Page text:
US Wasting Millions Trying To Get Afghanistan To Collect Import Taxes Electronically

A program to help Afghanistan collect import duties electronically could be wasting more than $100 million of taxpayer money, government investigators claim in a report released Tuesday.

The U.S. Agency for International Development (USAID) is three years into a four-year project to help Afghanistan officials use electronic methods to gather custom duties instead of cash, but the program has mostly been a failure, according to the Special Investigator General for Afghanistan Reconstruction (SIGAR).

USAID tapped Chemonics, a for-profit development company with numerous USAID and State Department contracts, to implement an e-payment system in Afghanistan under the Afghanistan Trade and Revenue program.

As one part of the $77.8 million program, Chemonics and USAID established a goal of collecting 75 percent of all custom duties electronically by November of 2018. The project started in November 2013, and had a $77.8 million budget.

“Our review found that by the end of December 2016, less than 1 percent…of all custom duty collections were being collected
electronically,” John Sopko, head of SIGAR, said in the reports.

Most duties are collected in cash in Afghanistan, and transported from customs offices to central locations, an inefficient and dangerous way to ensure the Afghanistan government gets its money.

The e-payment system was supposed to address these concerns, but needed the support of Afghanistan officials, and the willingness of traders to adopt the new system.

The cash-based system also makes corruption easy. SIGAR reported earlier that roughly half the duty fees Afghanistan collected in 2013 went to corrupt officials.

Another obstacle to bringing customs payments online is the incentive of Afghanistan’s national bank, which still processes many duty transactions despite a 2005 law that forbidS them from doing so. Chemonics may have been “unaware” of the “difficulty of removing Da Afghanistan Bank from the lucrative cash-based customs process” when it set the 75 percent goal, one official told SIGAR.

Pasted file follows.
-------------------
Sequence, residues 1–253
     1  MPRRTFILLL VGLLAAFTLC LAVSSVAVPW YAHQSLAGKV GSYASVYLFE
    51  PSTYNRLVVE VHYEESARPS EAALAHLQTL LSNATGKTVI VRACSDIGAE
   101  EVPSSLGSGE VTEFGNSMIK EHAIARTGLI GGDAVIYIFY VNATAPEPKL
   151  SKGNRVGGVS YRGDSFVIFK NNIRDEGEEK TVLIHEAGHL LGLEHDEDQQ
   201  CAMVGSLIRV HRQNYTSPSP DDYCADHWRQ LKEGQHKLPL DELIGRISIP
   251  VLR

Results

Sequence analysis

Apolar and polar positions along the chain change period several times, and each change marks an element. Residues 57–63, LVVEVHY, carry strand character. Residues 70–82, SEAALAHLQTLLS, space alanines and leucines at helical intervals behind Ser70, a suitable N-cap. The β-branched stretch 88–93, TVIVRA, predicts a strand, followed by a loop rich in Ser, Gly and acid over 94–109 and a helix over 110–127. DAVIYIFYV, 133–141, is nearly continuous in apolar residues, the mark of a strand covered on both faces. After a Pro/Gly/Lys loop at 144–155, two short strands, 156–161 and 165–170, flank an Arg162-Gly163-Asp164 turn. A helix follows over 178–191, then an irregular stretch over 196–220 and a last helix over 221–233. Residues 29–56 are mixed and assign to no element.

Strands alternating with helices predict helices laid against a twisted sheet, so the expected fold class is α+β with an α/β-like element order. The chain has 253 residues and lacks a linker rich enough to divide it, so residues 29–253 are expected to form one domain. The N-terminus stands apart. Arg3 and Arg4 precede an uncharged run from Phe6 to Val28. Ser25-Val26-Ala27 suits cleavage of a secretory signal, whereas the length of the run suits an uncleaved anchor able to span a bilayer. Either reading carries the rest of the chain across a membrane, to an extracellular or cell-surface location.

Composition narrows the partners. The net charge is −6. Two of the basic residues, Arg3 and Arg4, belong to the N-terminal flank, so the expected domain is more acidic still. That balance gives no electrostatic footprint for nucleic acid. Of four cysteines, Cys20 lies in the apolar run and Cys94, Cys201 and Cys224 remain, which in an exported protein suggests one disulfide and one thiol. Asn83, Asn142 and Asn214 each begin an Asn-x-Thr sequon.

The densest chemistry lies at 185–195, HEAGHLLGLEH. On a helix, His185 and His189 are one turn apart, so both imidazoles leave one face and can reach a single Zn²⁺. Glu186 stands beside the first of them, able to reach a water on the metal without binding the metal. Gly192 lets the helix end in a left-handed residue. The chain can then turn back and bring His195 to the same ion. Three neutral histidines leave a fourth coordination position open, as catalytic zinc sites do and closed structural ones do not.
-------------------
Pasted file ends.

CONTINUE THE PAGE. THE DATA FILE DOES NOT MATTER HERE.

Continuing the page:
This is not the first time an e-payment initiative sponsored by the U.S. has failed. USAID first brought Chemonics in to implement an e-payment system in 2009 for a four-year program as part of an $83 million contract, but that initiative failed to achieve its goal — which was also to complete 75 percent of duty transactions electronically.

During the second year of the program, electronically collected duties actually decreased. Of the $954 million in duties Afghanistan collected in 2014, only $4 million came from electronic transactions. In 2013, the first year of the new four-year program, Afghanistan electronically collected $6.42 million of the total $870.63 in duties.

SIGAR suggested that Chemonics should ultimately be held responsible for the program’s lack of results, and USAID agreed. The contract states that if the project is failing to meet goals, the contractor should readjust its approach, and Chemonics did not do that.

Chemonics and USAID did change its metrics considerably after the first two years. Chemonics and USAID significantly revised the revenue generation targets downward for the first three quarters of program year four “because the program failed to achieve any of the revenue generation targets established for year three,” which ended in late 2016.

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